When teenage babysitter Sarah is transported to Labyrinth’s strange maze-world (populated by Jim Henson’s puppet creations), she is helped by kind-hearted hairy beast Ludo, who sees her through the quest to recover her baby brother. The cumbersome puppet was operated by puppeteers underneath the monster suit, who could watch events unfolding on a TV screen inside Ludo’s stomach.

Henry: “Rocks friends.” One of the best characters in this movie, along with the young but already lovely Jennifer Connelly. Excellent choice.


The Red Balloon
Not all of cinema’s finest puppetry makes use of such complex animatronics. Albert LamorisseIt managed to turn a helium balloon (with a mind of its own) into the joint-protagonist of his classic short film “The Red Balloon.”

Henry: A classic movie from my childhood. A bit of a stretch calling a balloon a puppet, though. 


It’s just a few seconds of cameo, but makes a big impression and turns the film on its head. Not even the cast members (who were left in the dark about what was about to take place) were expecting the titular “Alien” to burst out of John Hurt’s chest. The shock of the creature’s arrival disguises the fact that what we’re looking at is actually a relatively simple puppet — and a whole load of blood from a butcher’s shop.

Henry: I hate when that happens. They made Alien vs. Predator, so how about Alien vs. Chucky: Battle of the Puppets?


Kim Jong Il
Even after the advent of photorealistic CGI, puppetry isn’t dead — in part thanks to South Park creators Trey Parker and Matt Stone, whose clumsy marionettes in “Team America: World Police” satirized Hollywood’s slick action blockbusters. But it’s the film’s villain — then Korean leader Kim Jong Il — who steals the show.

Henry: How can you not love a marionette version of one-third of the Axis of Evil? Excellent choice.

I’d like to add the following honorable mentions that failed to make Mr. Ponsford’s list:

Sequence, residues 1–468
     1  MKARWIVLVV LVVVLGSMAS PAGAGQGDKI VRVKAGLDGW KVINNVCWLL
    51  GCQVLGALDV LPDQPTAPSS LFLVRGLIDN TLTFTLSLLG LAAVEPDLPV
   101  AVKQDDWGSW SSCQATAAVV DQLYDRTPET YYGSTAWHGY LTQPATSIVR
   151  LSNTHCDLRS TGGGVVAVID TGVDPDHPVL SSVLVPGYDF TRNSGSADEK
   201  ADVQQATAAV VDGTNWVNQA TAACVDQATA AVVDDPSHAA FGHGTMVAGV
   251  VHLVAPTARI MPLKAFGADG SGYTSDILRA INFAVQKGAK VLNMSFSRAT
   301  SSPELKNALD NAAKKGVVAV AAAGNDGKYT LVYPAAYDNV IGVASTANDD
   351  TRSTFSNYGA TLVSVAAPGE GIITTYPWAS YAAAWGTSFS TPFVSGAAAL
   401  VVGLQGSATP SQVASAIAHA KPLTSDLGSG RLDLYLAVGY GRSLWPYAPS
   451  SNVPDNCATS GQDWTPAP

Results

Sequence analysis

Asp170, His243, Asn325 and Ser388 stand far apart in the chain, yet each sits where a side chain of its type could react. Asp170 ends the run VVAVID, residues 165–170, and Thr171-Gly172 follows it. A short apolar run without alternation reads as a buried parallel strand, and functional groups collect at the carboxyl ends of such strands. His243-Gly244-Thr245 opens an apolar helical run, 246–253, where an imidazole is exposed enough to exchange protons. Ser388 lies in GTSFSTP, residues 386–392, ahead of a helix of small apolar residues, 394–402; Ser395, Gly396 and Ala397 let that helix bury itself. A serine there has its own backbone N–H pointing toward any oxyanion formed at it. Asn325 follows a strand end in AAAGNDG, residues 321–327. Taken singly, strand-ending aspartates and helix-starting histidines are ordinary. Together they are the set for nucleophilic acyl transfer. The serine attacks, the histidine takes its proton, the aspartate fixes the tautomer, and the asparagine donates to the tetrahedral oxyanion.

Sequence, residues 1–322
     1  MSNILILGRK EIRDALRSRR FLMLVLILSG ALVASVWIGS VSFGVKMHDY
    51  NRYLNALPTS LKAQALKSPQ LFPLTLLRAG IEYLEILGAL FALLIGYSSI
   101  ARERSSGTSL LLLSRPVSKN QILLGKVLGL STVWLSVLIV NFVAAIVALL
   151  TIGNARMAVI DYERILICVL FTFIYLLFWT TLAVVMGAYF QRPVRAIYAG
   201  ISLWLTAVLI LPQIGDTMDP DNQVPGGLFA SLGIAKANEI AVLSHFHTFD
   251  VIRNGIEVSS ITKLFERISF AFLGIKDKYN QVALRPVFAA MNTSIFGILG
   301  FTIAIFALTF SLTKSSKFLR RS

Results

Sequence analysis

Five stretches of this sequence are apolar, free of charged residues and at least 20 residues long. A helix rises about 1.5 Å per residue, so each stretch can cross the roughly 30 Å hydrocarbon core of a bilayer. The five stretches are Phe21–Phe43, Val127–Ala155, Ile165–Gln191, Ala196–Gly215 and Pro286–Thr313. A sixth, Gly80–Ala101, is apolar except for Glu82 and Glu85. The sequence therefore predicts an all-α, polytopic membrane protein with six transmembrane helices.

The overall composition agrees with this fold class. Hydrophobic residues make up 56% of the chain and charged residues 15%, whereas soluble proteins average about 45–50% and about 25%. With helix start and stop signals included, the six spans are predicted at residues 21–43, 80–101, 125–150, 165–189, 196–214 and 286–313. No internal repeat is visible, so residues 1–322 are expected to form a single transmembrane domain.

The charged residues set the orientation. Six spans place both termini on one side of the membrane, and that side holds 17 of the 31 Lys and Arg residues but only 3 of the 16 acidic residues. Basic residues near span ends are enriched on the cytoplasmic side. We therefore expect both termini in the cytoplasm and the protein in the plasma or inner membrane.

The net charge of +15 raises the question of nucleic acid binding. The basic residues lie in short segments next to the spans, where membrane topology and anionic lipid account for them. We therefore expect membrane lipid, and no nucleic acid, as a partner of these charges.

Gerry Anderson death

The Thunderbirds
Per Wikipedia: Thunderbirds is a 1960s British science-fiction television series, created by Gerry and Sylvia Anderson. Filmed between 1964 and 1966, it was produced using marionette puppetry interwoven with scale-model special effects sequences, in the form of a mixed technique dubbed “Supermarionation”.

Henry: I suspect Parker & Stone got some inspiration from The Thunderbirds. Either way, I can tell you is that this was one of my favorite TV shows growing up. The vehicle designs still look fresh after 40 years. THAT is good design work.


Per Wikipedia: The Dark Crystal is a 1982 American–British fantasy film directed by Jim Henson and Frank Oz. The plot revolves around Jen, an elflike ‘Gelfling’ on a quest to restore balance to his alien world by returning a lost shard to a powerful but broken gem. Although marketed as a family film, it was notably darker than the creators’ previous material. The animatronics used in the film were considered groundbreaking. The primary concept artist was the fantasy illustrator Brian Froud, famous for his distinctive faerie and dwarf designs.

Henry: The image above is of an evil Skeksis, but the movie is filled with other delightful creatures, including: Mystics, Landstriders, Podlings, Gelfings, Garthim, and Aughra, the lovable ogre-witch with one removable eye.


Per Wikipedia: Critters is a 1986 cult comedy horror science fiction film. The film begins on a prison asteroid in outer space. A group of unseen creatures known as Crites are set to be transported to another station. When the seemingly intelligent creatures cause an explosion that kills two guards and injures three, hijack a ship away from the station, and escape, the leader of the station hires two transforming bounty hunters to hunt the “Critters” down.

Henry: The seemingly contradictory description “cult comedy horror science fiction” aptly summarizes this movie. Definitely worth a rent by any self-respecting horror or sci-fi fan.


Sesame Street
Henry: Do I really need to explain this one? Bert, Ernie, Grover, Oscar the Grouch, Big Bird, and the Cookie Monster belong in the top ten! We were robbed!


Meet the Feebles
Per Wikipedia: Meet the Feebles is a 1989 New Zealand black comedy film directed by Peter Jackson. It features Jim Henson-esque puppets in a perverse comic satire. Like Henson’s Muppets, the Feebles are animal-figured puppets (plus some people in suits) who are members of a stage troupe. However, whereas Henson’s Muppets characterize positivity, naïve folly, and innocence, the Feebles present negativity, vice, and other misanthropic characteristics.